Initially, changes in cognitive functions during adolescence have been examined in the context of improving executive functions. Studies show that during childhood and adolescence children gain increasing capacity for inhibition and mental flexibility as the result of, for example, improvements in the ability to switch back and forth between multiple tasks.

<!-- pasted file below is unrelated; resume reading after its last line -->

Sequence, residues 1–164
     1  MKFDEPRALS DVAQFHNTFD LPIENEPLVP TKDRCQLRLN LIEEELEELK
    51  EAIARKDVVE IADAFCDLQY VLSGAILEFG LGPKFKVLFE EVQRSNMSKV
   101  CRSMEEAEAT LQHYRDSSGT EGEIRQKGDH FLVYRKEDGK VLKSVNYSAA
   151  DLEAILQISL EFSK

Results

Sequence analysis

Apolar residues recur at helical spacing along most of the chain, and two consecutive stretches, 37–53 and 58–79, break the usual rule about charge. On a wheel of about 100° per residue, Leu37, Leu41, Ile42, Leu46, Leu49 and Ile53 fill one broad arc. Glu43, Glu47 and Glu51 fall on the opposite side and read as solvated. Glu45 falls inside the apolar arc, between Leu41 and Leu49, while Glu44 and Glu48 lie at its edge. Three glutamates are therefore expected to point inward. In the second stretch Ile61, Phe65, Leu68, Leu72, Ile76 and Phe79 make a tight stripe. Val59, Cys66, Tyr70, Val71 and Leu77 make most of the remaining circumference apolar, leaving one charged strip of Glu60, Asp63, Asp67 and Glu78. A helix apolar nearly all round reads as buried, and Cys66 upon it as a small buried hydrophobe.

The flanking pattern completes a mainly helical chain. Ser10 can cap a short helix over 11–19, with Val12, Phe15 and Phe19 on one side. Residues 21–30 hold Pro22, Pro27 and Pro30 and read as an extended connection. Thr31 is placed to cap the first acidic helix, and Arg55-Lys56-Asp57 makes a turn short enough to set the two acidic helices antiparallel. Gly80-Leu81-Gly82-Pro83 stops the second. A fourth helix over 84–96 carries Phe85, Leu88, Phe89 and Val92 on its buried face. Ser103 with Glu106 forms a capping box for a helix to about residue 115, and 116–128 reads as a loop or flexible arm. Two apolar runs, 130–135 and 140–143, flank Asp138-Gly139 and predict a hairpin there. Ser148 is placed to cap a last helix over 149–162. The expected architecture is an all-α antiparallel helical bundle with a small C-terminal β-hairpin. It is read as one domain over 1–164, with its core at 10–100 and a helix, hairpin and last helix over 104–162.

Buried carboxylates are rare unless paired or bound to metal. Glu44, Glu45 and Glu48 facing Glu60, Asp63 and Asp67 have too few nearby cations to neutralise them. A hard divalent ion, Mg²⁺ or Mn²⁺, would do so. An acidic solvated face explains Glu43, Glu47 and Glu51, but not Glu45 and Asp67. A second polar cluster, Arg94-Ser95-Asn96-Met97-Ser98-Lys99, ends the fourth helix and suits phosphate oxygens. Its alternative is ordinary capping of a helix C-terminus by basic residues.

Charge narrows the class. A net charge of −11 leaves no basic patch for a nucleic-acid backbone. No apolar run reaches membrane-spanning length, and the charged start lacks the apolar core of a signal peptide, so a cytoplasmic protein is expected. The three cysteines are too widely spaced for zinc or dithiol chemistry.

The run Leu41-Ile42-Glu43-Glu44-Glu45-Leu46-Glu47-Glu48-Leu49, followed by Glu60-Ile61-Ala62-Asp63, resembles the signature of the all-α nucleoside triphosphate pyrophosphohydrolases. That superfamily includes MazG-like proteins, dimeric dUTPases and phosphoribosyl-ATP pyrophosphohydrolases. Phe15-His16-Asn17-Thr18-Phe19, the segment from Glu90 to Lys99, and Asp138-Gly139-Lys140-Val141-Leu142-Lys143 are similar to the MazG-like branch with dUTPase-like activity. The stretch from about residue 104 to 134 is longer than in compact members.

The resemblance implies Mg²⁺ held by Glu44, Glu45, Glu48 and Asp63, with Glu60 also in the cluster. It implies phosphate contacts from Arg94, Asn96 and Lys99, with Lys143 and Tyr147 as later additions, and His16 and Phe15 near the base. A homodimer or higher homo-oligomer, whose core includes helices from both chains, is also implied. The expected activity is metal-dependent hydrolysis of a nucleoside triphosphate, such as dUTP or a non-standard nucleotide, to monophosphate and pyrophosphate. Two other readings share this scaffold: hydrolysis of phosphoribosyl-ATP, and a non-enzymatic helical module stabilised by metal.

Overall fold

Some of the earliest empirical studies on cognitive development during adolescence investigated the effect of puberty on face recognition on girls as this process is very important for cognition and it can affect learning when receiving information from, say, a teacher. The results were surprising showing that performance on face-recognition tasks improved steadily during the first decade of life, but this was followed by a decline at approximately age 12. A later study showed that mid-pubertal girls performed worse than prepubertal or girls that had reached puberty. In addition, the findings show that while adults modulate brain activity based on attention demands, adolescents modulate activity based on the emotional nature of a stimulus. The results of these studies suggest that the neural basis of the ability to pay attention to a non-salient stimulus in the presence of emotionally evocative, attention-grabbing stimuli is still maturing between adolescence and adulthood.